NIST vs. ISO vs. CIS vs. COBIT vs. SOC 2

So how does NIST stack up against other security frameworks and security compliance standards? Here’s a quick comparison of the most common standards:


NIST CSF and ISO 27001 are complimentary frameworks that both take a risk-management approach to security. However, each covers distinct areas of security with specific purposes. ISO 27001 is a framework for developing Information Security Management Systems (ISMS). It is an internationally recognized standard that requires independent auditors and certifying bodies to determine compliance.

In contrast, NIST CSF was created specifically to support government agencies and the organizations working with them (though anyone can use it). Unlike ISO 27001, CSF is a voluntary security framework that is self-certified and self-paced. As a result, it tends to carry lower upfront costs than ISO 27001, which depends on independent auditors and must be continuously updated, with recertification required every three years.

While the two are distinct, they have a lot of overlap in their approaches and security controls. So if you implement one, you’re well on your way to being in compliance with the other. Because NIST CSF is voluntary and self-paced, it’s a good option for organizations that are starting to build up their security infrastructure. And ISO 27001 is best suited for organizations with a more mature security posture.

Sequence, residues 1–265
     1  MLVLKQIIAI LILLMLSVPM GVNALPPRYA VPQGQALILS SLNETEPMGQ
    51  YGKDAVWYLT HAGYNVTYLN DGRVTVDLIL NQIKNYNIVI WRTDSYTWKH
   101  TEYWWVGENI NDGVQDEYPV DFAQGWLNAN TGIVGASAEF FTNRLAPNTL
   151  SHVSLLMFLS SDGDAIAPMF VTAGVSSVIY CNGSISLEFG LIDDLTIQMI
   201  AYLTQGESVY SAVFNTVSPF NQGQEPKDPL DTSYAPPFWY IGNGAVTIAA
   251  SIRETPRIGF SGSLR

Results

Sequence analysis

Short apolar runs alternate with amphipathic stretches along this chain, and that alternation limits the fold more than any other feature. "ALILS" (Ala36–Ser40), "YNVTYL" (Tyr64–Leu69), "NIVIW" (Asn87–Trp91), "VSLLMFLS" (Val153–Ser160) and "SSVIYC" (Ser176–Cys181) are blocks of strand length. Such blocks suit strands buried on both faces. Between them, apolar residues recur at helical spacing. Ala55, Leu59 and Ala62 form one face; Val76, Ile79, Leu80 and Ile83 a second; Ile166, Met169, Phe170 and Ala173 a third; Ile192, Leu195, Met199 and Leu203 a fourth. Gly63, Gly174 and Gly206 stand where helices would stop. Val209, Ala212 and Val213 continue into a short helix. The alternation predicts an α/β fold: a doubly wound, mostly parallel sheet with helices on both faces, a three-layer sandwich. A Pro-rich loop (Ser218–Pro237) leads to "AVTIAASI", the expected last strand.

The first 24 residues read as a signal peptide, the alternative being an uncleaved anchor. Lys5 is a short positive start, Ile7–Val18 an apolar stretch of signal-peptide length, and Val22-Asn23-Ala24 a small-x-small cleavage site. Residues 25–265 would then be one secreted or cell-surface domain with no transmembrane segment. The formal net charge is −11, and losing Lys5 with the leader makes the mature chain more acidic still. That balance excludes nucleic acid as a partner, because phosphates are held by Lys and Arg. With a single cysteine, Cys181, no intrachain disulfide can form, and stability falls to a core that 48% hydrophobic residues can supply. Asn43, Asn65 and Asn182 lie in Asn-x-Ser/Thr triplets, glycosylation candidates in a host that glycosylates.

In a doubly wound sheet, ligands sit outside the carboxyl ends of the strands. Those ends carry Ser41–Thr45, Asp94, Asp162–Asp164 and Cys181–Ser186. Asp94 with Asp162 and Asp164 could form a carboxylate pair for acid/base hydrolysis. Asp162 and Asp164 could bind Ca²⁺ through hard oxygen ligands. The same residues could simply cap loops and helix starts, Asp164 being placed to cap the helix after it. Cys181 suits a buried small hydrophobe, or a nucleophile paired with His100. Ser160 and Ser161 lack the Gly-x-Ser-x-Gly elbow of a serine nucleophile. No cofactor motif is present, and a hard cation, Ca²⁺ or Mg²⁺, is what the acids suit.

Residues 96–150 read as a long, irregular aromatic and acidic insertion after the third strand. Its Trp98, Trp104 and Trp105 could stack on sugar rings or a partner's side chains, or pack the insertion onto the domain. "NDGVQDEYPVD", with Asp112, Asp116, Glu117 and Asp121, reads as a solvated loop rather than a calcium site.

Learn more about the difference between NIST and ISO.


CIS Critical Security Controls (CIS Controls) are recommended actions for cyber defense developed by the Center for Internet Security (CIS). The CIS outlines 20 controls describing “must do, do first” actions to protect systems from attack. Like NIST, CIS Controls are voluntary. The main benefit of CIS Controls is prioritizing risk and defense steps so organizations can direct their resources to the most important actions.